oauth_token="$(echo ${request_output} | awk -F'[;&]’ ‘{print $2}’)"
oauth_token_secret="$(echo ${request_output} | awk -F'[;&]’ ‘{print $3}’)"

echo ${oauth_token}
echo ${oauth_token_secret}

[/code]

5. Use the Access Token with API calls:

According to the OAuth 1.0 spec the Access Token should never expire. So you only need to do the steps 1-4 one time.

With every API call you should use the oauth_token you received in step 4, in this example I’m using the flickr.test.login

[code language=”bash” gutter=”true” light=”false”]
#!/bin/bash

timestamp="$(/bin/date +%s)"
nonce="$(/bin/date +%s%T%N | /usr/bin/openssl base64 | /bin/sed -e s’/[+=/]//g’)"

request_url="GET&https%3A%2F%2Fwww.flickr.com%2Fservices%2Frest"

consumerkey=b284fdada……f2fbbe1145
consumersecret=17a……..c36
oauth_token=721576519…..393-c6255e48d9fed8b7
oauth_token_secret=8547b…..1524ff0a

basestring="$(echo ${request_url}’&format%3Djson%26method%3Dflickr.test.login%26nojsoncallback%3D1%26oauth_consumer_key%3D’${consumerkey}’%26oauth_nonce%3D’${nonce}’%26oauth_signature_method%3DHMAC-SHA1%26oauth_timestamp%3D’${timestamp}’%26oauth_token%3D’${oauth_token}’%26oauth_version%3D1.0′)"
echo ‘basestring = ‘${basestring}

signature="$(echo -n ${basestring} | openssl dgst -sha1 -hmac ${consumersecret}’&’${oauth_token_secret} -binary | /usr/bin/openssl base64 | /bin/sed -e s’/+/%2B/’ -e s’///%2F/’ -e s’/=/%3D/’)"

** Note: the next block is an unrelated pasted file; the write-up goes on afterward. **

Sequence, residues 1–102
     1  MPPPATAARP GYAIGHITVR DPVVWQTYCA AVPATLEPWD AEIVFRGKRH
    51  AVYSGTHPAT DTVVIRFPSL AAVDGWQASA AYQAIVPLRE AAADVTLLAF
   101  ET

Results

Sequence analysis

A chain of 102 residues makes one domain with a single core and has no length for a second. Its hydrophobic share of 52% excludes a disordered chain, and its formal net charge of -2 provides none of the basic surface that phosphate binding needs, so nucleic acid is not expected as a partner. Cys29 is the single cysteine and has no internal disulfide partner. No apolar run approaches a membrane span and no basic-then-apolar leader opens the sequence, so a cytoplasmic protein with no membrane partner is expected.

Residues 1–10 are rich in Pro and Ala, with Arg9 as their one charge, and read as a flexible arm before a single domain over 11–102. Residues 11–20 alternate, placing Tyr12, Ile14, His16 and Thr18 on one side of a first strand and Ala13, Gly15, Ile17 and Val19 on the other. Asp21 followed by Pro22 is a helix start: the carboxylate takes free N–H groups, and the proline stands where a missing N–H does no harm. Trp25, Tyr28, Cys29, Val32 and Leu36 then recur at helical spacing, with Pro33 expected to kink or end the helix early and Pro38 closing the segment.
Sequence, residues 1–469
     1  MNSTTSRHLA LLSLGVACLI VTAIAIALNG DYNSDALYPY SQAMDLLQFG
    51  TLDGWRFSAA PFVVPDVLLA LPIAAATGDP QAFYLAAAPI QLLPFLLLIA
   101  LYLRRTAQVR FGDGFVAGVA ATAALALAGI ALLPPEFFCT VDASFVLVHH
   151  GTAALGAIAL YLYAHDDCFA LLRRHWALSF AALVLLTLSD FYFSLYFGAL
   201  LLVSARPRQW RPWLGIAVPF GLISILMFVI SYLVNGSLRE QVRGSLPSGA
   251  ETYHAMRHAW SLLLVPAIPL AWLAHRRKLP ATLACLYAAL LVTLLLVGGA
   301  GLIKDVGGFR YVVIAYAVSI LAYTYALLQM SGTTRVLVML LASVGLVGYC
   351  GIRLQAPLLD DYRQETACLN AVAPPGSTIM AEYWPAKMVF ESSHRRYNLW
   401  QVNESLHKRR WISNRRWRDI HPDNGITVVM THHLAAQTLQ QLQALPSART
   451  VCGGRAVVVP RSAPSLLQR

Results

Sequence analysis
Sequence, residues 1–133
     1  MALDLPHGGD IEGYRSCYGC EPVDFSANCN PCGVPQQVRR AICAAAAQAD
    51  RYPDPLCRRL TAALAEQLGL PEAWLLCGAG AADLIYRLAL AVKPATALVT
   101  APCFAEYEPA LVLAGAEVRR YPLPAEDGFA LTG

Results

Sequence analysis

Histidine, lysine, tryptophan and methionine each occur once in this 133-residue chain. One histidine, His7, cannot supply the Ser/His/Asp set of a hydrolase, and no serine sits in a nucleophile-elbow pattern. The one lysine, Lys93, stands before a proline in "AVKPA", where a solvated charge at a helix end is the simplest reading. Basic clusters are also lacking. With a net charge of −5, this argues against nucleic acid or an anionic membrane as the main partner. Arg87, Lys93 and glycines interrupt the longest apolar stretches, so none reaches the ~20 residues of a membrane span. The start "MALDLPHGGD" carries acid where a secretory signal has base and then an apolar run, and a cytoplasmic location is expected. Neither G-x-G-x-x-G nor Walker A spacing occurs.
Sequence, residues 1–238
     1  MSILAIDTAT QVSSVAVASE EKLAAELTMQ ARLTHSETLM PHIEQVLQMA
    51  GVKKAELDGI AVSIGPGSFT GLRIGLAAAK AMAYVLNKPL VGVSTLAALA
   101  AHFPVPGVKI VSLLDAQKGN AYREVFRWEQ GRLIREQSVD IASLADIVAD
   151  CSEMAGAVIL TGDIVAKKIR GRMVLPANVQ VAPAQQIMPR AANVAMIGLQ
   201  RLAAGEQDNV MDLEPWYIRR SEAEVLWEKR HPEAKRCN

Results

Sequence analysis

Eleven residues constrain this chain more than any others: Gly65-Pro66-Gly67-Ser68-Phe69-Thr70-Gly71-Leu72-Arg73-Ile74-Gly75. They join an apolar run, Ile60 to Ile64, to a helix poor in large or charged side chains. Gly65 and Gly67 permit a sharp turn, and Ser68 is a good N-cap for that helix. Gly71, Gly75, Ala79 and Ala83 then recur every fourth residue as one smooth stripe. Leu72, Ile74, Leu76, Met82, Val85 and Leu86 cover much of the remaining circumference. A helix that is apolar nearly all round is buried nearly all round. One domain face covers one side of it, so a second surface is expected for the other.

echo ‘signature = ‘${signature}

request_output="$(/usr/bin/curl –compressed -s -H "Accept-Encoding: gzip,deflate" "https://www.flickr.com/services/rest?format=json&method=flickr.test.login&nojsoncallback=1&oauth_consumer_key="${consumerkey}"&oauth_nonce="${nonce}"&oauth_signature="${signature}"&oauth_signature_method=HMAC-SHA1&oauth_timestamp="${timestamp}"&oauth_token="${oauth_token}"&oauth_version=1.0")"
echo ‘request_output = ‘
echo "${request_output}" | /usr/bin/jq .
[/code]

if the call is successful you’ll receive your user id and username

output

# standing on the shoulders of giants: thanks to https://twittercommunity.com/t/can-you-get-public-timeline-using-oauth-by-only-using-curl-and-openssl-in-unix-shell/1476/2

How to revoke access permission from Google account

If you granted access to some of your data in Google (analytics, calendar, contacts, etc.) to some external application (like Xobni for example); you may want -at some point- to revoke them as you no longer use that application.

To do that click on the gear icon and select “Account settings” go to your account settings once you’re logged into Google:

then click on “Authorizing application & sites” link:

 

 

 

 

 

 

In the following page click “Revoke Access” to any application you no longer use. That ensures that none will be able to see your private data with that particular application.